15-month old Musa Dayib has been aptly dubbed "the miracle baby" after managing to escape death when he fell from an 11-story building, something that not even adults can go through and stay alive.
Although the boy is in critical condition and currently breathes through ventilator, he is in stable condition, said Christine Hill, a spokeswoman for the Hennepin County Medical Center in Minneapolis, Minnesota where the child is recovering after sustaining broken spine and ribs, a punctured lung and concussions.
Dayib fell from the balcony of his parents' apartment at Riverside Plaza in Minnesota Sunday night and miraculously survived when he landed on a small patch of mulch-covered ground. Family members believe the boy slipped through the railings.
Dayib's mother was reportedly running errands and his father was keeping watch over him and his older sister when the accident happened. The boy's father just went to get something from another room when his 3 year old daughter told him that her sibling fell.
Tina Slusher, from the pediatric intensive care unit of the Hennepin County Medical Center, said it is still too early to tell if the boy would suffer long term complications because of his fall. Nonetheless, she said that Dayib will likely be released from the hospital within weeks or months.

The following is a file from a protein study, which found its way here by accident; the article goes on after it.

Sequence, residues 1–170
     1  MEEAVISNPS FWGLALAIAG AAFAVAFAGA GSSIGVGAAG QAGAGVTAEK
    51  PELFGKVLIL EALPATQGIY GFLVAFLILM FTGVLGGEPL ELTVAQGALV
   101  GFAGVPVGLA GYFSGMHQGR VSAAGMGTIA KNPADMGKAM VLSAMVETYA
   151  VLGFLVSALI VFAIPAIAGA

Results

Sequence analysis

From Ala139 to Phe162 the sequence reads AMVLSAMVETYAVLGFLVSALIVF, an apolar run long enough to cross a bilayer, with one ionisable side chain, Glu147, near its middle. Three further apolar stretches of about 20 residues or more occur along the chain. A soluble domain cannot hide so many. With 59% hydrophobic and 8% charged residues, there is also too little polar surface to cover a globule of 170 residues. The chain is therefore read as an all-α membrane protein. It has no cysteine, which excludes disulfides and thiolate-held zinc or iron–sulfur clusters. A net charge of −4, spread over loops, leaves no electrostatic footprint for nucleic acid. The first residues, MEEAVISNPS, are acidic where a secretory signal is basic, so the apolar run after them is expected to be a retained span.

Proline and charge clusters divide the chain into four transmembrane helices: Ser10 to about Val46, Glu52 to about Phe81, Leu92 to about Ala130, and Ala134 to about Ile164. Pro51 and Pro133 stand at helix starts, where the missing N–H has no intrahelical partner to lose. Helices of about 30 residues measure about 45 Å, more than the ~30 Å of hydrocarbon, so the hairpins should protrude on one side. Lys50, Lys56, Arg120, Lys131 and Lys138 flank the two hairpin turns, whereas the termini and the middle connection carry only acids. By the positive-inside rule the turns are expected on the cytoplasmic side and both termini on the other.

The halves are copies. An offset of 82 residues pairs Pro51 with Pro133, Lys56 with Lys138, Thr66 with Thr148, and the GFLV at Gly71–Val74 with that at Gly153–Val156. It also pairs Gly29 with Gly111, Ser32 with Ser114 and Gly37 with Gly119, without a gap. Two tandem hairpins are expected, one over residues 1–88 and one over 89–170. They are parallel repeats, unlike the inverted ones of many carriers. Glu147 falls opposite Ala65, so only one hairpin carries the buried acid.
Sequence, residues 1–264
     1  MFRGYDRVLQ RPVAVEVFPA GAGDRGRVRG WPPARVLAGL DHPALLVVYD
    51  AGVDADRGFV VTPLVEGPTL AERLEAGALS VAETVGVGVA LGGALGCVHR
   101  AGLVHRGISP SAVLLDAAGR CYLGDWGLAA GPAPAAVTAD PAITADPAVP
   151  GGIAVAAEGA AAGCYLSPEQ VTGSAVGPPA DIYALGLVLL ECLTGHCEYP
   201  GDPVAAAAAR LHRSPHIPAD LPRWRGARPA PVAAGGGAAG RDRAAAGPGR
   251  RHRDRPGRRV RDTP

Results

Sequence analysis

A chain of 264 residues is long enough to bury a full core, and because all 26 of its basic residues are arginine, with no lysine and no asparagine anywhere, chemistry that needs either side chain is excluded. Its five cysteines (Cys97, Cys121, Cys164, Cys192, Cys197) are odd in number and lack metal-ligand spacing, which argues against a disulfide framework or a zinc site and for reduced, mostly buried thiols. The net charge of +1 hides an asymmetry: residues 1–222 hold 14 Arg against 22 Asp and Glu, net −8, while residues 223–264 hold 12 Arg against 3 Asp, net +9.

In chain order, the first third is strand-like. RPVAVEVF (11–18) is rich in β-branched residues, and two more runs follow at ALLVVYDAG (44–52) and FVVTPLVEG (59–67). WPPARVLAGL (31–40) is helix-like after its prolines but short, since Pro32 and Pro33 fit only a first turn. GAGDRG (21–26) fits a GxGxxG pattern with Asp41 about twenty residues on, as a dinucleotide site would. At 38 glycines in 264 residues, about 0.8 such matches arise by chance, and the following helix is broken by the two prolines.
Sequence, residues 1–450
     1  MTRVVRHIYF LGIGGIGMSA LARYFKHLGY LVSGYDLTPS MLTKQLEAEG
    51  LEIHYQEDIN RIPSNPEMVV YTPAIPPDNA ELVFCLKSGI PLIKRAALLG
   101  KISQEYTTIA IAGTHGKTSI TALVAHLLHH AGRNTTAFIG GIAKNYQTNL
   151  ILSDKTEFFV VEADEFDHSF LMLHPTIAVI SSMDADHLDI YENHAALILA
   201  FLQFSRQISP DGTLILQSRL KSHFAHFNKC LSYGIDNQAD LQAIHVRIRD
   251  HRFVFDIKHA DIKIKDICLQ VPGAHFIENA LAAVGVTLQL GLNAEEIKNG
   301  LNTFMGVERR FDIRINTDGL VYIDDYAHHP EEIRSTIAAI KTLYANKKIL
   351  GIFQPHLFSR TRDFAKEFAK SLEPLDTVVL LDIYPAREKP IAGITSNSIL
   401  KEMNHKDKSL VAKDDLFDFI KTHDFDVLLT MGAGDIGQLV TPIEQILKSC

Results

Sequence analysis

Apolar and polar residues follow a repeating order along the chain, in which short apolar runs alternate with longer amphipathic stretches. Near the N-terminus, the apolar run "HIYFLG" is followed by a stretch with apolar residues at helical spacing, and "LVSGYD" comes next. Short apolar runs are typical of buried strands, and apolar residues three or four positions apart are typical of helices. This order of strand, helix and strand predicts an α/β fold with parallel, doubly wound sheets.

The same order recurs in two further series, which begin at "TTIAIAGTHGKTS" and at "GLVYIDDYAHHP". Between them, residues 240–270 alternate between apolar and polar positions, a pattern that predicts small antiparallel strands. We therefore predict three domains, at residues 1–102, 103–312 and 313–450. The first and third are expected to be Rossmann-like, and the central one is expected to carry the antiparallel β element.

"If you and I fell that far, we would be dead," said Slusher. "He's a kid. So they tend to be more flexible and pliable than you and I would be. Having said that, it's a real gift from God that he made it because this is a huge fall."
Following the accident, residents of the Riverside Plaza apartments and community members met Tuesday evening to discuss safety measures that would prevent the same accident from happening again such as installing extra latch to doors that open to balconies.
Chris Sherman, owner of the apartments, said that the design of the building passed inspection after it underwent renovation less than five years ago. He also expressed his sympathy to Dayib and his family and said they will look at the possibility of adding childproof latches to doors if fire officials approve.